Foxcatcher (2014) Film Review

Benevolent and wealthy John du Pont (Steve Carrell) has patriotic aspirations. He offers Olympic wrestler Mark Schultz (Channing Tatum) the use of his estate to build a USA wrestling team for the Olympics in Seoul, 1988.


Some things are too good to be true, some offers are too generous, and some people have too much money and very little to occupy their time with. Foxcatcher is a film that deals with one such man, John Du Pont. He is a member of America’s wealthiest family and his life is one of a spoiled child, although he has now grown up.

He summons people, he forces them to do his bidding, and he is a man used to getting his own way. Du Pont has a strained (and strange) relationship with his mother and his life, although wealthy, doesn’t seem particularly enviable. In fact Du Pont is a man who has done very little to deserve his lot in life and his inherited reality is something that he struggles to reconcile with his aspirations of being good at something.

In contrast to Du Pont is wrestler Mark Schultz. Mark is a young man who is very talented at wrestling. He trains with his older brother Dave (Mark Ruffalo) who is also a wrestler. It runs in their family and both are at Olympic standards in their field. Their talent is apparent and their close friendship marks them out as a pair that work best together. There is however the suggestion that Mark is in his older brother’s shadow.

Unhealthy relationships

It is in this subtext that Mark and Du Pont share a perspective on reality. Both feel that they are not truly recognized on their own merits and instead rebel against their perceived influences. For Du Pont it is his mother and for Mark it is Dave. In this they find some common ground and when Du Pont offers Mark the opportunity to hand pick and train the USA Olympic wrestling team he jumps at the offer. Dave however is less inclined to uproot his family and so the two brothers pick different paths.

The underlying drive in Foxcatcher is that of people trying to find their place. In fact it runs deeper than that and the desire of the two main characters is to stand on their own feet and to be seen for what they have accomplished. It can be hard however for someone with a chip on their shoulder to feel satisfied as their work and achievements can be attributed (in their head at least) to another.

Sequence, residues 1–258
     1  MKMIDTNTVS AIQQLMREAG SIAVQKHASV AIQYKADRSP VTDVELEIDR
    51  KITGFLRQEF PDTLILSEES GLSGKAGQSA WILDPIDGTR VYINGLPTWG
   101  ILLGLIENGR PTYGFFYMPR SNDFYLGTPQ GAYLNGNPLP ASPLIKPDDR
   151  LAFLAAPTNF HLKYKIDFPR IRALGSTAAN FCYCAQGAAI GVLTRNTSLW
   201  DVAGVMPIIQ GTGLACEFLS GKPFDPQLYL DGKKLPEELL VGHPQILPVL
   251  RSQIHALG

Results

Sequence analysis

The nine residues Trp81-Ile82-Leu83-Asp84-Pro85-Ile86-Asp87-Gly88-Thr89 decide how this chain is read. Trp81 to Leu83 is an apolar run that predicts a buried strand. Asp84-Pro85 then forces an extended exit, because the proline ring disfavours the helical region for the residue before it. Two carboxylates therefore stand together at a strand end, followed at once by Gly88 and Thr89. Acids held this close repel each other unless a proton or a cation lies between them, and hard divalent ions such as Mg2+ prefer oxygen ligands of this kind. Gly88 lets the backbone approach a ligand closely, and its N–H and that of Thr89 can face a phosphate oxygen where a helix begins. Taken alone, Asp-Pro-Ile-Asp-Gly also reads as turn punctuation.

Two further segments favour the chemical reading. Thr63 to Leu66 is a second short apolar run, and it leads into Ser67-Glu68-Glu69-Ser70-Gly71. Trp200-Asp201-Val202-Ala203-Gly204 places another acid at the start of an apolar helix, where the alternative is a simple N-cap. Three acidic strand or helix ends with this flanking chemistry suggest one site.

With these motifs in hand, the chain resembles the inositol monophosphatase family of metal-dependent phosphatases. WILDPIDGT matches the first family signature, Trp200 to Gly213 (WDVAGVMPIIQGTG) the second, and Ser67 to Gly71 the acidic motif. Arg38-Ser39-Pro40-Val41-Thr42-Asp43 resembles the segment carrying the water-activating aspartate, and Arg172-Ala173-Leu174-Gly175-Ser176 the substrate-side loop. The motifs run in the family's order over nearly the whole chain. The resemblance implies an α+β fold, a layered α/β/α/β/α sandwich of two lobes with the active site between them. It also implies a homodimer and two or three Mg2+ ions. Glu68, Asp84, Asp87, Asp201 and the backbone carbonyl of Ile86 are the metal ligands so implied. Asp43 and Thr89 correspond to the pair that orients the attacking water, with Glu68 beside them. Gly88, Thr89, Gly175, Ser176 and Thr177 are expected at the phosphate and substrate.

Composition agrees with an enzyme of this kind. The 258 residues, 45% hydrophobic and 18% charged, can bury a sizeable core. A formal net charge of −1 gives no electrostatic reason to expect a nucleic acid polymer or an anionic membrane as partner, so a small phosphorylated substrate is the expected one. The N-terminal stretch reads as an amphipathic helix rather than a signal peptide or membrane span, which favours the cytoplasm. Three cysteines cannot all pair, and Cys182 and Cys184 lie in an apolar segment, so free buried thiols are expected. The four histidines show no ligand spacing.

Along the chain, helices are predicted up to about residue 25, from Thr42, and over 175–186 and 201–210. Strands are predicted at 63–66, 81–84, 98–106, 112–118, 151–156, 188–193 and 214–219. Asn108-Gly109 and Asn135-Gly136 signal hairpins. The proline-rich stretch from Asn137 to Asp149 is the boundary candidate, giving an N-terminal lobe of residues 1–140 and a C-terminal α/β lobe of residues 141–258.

In the shadow of others

Foxcatcher then is a film about people in the shadow of others and people trying to determine their own self worth. The problem however is that those people find their sense of worth from other people ensuring that they are always seeking approval. This is true of both Du Pont and Mark. They find a sense of peace with each other but it is a false start, a promise that will be broken, and a relationship based on unhealthy needs.

The acting in Foxcatcher is strong and in fact is one of the better aspects of the film. Carrell does a great turn as Du Pont and there is no trace of The Office or his often saccharine filmic work. Instead he is sombre, controlled, and he articulates Du Pont’s hermetic life carefully. There is a real sense that we get to know who Du Pont is throughout the film and that all comes from Carrell. But he’s not the only one to shine and Channing Tatum bounces of Carrell with skill. In this pairing director Bennett Miller has found something special.

Not too disimilar to Moneyball

There are many similarities between Foxcather and Miller’s earlier film Moneyball (2011). Both are based on true stories and both revolve around two men and their interactions with one another. However Foxcatcher has a darker edge. There is something in the world that doesn’t quite sit right and it takes the whole film to understand what that is.

The sadness inherent in Foxcatcher comes from the fact that our two ‘heroes’ are very lonely men. They don’t have close family relationships (aside from Dave), they don’t make friends easily, and they both struggle to define who they are. It takes some big changes for both of them to find themselves and the unpleasant truth is that we’re not always who we think we are, or at least who we hope to be.

We are defined by our actions and the final moments of the film show just how different our life can become when compared to our expectations. We have an obligation to ourselves to act kindly and with consideration however sometimes we all slip up, and sometimes things don’t transpire as we would like them too. In this Foxcatcher explores some bigger issues but with a tight focus on the lives of two men and the point where they intersected.

It’s about legacy

Du Pont finds that he is capable of changing his legacy and Mark finds that he still has time to create his. Foxcatcher is a film about two men but of course it’s bigger than that. It is a taught, considered, and well made piece about people and their emotions. We are all capable of greatness but it seems that we have to strive for it. The key is honesty and the acceptance that we can’t always be who we want to be.

This is an immersive film and one that has more to do with a metaphorical idea of wrestling than with the sport itself. We have to fight our desires, sometimes we have to fight so that we can change our lives, and sometimes we lose. But every time we fall we have the choice to pick ourselves back up. Foxcatcher suggests that not everyone manages to find their feet again but some do.

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